HHLA pushes ahead with electrification of its climate neutral terminal
German logistics and transportation company HHLA Container Terminal Altenwerder (CTA) has welcomed 16 battery-powered Automated Guided Vehicle (AGV) in 2020.
With the delivery of the latest vehicle, the number of environmentally friendly vehicles now totals over 60 units. This means that two-thirds of the AGV fleet in use is already electrified.
By the end of 2022, all of the nearly 100 driverless container transporters are to be converted to the fast-charging battery drive.
This will result in an annual reduction in emissions of approximately 15,500 tonnes of CO₂ and around 118 tonnes of nitrogen oxide because the electric AGVs do not generate any local CO₂, nitrogen oxide or fine particulate matter emissions, the company estimates.
At CTA, the vehicles take over the automatic transport between container gantry cranes and the storage area.
In addition to the 16 new battery AGVs, six more energy charging stations were also put into operation in 2020. This brings the number of charging stations at CTA to 13, with five more to be added in 2021.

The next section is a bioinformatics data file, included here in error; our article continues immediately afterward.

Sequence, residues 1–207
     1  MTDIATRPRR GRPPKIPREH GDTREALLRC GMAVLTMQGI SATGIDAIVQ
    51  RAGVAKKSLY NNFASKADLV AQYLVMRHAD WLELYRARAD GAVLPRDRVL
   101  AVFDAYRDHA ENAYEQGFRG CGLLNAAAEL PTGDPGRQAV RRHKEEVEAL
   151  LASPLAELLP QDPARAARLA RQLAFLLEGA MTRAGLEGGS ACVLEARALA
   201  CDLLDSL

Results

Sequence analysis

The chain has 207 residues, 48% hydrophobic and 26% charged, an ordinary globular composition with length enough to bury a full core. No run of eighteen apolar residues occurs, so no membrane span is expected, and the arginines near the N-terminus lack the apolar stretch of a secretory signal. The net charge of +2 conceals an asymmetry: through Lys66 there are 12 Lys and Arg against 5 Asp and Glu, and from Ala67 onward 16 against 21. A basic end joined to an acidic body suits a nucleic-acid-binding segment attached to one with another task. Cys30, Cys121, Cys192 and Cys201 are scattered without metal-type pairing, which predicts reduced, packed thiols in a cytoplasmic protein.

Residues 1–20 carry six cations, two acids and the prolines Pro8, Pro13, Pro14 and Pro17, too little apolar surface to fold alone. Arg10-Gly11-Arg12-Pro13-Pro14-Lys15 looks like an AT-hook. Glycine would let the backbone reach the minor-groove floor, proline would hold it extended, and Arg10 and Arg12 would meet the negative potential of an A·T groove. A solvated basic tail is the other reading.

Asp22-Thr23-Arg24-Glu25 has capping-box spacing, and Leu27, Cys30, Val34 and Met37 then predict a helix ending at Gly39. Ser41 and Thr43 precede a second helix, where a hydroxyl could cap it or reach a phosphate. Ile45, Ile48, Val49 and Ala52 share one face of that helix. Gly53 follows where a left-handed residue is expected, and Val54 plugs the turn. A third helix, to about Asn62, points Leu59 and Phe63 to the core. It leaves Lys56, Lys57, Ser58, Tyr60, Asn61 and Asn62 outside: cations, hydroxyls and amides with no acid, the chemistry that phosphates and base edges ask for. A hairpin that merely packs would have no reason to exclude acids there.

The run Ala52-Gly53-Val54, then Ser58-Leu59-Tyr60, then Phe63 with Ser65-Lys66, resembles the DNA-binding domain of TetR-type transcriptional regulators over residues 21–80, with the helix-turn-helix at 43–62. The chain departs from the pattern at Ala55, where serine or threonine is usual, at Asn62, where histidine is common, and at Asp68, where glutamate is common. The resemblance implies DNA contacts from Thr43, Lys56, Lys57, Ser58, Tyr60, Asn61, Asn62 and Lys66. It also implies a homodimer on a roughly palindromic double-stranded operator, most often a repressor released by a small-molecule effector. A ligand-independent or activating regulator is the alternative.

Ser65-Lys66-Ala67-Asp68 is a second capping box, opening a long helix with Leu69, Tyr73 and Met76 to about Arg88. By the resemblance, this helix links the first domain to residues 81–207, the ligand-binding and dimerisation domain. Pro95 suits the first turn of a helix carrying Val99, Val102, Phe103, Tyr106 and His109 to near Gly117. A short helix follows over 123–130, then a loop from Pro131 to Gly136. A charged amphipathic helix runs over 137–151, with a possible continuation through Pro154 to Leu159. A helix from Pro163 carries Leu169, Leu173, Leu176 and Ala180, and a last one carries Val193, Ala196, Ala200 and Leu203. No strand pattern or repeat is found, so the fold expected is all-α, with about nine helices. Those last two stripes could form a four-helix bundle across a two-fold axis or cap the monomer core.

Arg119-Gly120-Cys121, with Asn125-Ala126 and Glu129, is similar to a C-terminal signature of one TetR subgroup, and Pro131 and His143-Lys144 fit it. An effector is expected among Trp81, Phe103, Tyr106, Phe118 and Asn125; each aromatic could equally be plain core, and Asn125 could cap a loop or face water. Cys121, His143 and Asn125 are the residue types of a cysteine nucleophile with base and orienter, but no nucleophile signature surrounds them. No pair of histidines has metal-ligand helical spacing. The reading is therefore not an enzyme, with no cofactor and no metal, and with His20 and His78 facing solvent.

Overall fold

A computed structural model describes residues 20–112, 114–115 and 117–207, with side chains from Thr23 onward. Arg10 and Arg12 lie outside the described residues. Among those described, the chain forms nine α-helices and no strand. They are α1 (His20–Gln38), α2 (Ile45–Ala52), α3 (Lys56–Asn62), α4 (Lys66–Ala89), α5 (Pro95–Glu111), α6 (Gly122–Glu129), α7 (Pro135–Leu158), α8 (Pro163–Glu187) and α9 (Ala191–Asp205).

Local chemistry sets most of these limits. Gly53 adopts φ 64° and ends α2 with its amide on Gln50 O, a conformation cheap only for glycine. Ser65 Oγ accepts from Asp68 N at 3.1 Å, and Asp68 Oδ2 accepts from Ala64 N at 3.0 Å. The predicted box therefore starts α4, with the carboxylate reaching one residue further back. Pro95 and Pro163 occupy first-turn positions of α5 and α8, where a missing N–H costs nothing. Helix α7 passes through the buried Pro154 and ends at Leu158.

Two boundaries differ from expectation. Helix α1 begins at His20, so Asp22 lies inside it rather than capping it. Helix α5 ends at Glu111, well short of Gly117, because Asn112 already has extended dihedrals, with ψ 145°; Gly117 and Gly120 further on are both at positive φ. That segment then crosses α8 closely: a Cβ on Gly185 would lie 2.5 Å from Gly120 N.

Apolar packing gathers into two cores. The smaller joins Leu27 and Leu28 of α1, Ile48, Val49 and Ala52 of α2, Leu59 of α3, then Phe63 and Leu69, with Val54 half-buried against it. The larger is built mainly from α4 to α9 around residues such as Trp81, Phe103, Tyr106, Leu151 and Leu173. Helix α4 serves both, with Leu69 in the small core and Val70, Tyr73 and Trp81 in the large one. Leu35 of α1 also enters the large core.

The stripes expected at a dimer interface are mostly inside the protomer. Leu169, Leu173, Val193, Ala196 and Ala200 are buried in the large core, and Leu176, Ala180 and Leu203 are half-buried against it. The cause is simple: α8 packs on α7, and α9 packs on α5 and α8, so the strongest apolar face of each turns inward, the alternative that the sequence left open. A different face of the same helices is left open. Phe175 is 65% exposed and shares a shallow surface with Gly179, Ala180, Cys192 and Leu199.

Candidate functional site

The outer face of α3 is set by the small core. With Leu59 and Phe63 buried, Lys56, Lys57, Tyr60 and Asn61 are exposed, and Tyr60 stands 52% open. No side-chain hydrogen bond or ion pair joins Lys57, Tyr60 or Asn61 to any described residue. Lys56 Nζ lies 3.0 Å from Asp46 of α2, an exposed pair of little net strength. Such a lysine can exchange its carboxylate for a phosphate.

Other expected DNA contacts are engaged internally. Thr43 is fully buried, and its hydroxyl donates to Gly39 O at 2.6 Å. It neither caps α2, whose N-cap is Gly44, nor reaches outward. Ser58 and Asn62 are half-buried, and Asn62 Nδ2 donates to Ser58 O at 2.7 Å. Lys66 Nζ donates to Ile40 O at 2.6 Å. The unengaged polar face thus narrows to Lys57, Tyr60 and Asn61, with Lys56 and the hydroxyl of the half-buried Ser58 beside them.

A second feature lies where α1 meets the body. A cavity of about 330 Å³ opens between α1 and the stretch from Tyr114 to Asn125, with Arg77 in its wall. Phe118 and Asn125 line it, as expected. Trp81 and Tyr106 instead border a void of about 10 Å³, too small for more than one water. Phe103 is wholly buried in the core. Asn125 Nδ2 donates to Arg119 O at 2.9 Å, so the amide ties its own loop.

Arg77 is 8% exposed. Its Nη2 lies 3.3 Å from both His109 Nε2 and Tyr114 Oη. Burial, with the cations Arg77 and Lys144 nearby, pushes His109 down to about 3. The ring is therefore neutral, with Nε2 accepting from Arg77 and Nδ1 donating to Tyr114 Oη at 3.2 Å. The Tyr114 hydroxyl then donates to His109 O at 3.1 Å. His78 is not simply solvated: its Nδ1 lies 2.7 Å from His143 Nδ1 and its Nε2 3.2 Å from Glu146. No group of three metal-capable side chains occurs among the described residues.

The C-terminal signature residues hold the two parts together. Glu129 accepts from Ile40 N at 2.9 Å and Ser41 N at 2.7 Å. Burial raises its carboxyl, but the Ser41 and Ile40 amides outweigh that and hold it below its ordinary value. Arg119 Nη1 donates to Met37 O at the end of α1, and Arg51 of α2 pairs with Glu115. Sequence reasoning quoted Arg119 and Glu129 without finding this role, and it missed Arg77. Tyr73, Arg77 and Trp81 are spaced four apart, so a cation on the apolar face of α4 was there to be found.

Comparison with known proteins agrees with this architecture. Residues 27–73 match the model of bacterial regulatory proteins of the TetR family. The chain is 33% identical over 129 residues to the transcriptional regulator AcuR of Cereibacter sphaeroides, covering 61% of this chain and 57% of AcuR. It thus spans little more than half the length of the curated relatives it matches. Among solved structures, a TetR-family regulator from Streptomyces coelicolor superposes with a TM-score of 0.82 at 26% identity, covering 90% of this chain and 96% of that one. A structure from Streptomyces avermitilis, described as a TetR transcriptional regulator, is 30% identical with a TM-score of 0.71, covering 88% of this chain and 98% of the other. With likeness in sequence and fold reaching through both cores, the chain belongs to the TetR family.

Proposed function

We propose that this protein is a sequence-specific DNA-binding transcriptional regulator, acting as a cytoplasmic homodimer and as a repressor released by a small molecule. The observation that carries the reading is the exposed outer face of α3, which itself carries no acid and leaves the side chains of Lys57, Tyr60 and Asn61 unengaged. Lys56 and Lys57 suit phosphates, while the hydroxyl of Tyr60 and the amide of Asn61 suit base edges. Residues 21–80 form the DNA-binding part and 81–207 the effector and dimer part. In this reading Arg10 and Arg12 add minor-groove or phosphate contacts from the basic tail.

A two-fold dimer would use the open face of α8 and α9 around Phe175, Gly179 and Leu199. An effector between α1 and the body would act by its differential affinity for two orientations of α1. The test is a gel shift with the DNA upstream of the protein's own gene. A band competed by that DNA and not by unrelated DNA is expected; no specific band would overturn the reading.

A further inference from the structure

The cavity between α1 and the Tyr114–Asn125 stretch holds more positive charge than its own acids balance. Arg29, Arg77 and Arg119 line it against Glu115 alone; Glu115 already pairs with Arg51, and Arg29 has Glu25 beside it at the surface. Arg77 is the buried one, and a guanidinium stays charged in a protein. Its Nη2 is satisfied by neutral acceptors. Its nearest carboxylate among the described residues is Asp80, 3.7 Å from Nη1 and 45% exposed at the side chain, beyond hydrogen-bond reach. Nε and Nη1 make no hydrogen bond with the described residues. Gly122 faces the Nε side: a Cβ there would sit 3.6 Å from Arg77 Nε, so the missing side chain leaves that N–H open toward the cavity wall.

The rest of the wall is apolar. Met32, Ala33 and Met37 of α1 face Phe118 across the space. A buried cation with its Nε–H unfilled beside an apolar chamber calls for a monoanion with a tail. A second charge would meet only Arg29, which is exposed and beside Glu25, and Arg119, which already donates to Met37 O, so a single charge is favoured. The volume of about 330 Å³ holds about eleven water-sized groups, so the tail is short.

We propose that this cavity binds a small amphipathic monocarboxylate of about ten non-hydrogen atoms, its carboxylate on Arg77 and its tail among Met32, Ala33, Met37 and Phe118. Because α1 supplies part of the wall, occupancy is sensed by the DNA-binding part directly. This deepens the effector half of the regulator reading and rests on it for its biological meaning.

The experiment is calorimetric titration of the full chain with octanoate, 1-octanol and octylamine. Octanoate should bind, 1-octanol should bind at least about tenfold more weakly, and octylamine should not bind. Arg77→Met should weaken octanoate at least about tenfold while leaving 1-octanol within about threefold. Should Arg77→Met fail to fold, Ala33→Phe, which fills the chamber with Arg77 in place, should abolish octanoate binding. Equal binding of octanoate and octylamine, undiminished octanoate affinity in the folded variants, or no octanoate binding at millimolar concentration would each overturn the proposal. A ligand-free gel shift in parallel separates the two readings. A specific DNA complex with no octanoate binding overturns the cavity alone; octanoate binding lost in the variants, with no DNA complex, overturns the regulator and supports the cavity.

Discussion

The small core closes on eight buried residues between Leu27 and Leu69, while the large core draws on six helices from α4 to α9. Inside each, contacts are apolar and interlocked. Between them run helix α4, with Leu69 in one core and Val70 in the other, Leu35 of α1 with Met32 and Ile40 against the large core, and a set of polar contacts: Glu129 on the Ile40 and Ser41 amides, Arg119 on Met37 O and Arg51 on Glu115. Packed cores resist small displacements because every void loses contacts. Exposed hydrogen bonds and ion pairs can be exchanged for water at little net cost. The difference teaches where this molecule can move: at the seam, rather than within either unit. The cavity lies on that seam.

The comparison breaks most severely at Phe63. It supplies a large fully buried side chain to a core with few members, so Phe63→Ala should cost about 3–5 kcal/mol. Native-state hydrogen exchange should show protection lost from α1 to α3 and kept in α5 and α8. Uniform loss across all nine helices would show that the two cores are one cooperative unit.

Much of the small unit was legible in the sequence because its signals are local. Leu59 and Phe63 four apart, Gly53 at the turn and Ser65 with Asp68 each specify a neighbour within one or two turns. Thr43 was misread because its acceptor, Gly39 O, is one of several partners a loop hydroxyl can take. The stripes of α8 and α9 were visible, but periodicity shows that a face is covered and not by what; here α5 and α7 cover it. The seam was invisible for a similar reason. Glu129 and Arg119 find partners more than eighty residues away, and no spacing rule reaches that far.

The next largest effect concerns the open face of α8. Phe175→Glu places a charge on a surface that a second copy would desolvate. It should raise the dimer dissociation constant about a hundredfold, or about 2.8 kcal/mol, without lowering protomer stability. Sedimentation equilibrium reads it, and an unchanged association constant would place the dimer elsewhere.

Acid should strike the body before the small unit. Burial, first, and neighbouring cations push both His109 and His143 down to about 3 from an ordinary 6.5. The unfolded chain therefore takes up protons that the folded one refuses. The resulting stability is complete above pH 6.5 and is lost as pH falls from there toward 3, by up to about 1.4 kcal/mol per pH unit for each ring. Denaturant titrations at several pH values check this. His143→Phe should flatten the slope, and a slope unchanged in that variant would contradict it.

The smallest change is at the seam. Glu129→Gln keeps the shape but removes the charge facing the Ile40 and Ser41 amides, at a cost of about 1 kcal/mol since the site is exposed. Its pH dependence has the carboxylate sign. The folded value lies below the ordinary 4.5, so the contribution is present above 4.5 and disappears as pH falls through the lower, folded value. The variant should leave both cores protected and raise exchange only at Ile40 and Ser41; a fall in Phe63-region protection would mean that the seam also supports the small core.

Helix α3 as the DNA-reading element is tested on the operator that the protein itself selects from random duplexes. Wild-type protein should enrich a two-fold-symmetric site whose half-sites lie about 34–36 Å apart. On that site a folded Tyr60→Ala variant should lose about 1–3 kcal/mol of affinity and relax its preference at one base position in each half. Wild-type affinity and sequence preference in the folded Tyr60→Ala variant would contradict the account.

The vehicles independently drive to the charging stations as needed and recharge their batteries with green electricity.
Due to its high degree of automation and electrification, the CTA is now the world’s first container handling facility to be certified climate-neutral, according to HHLA. Terminal processes that still produce CO2 emissions today will be gradually electrified, or their transition to electrical power will be field-tested.
HHLA compensates for CO2 emissions that are still being generated through emissions reduction certificates, thereby supporting environmentally friendly projects.
The conversion of the AGV fleet at CTA, supported by Hamburg’s Ministry for Environment, Climate, Energy and Agriculture with support from the European Regional Development Fund (ERDF) as part of the “Energiewende in Unternehmen” subsidy programme, is an important component of HHLA’s sustainability strategy.
The goal is to halve CO2 emissions by 2030 and achieve climate neutrality across the Group by 2040.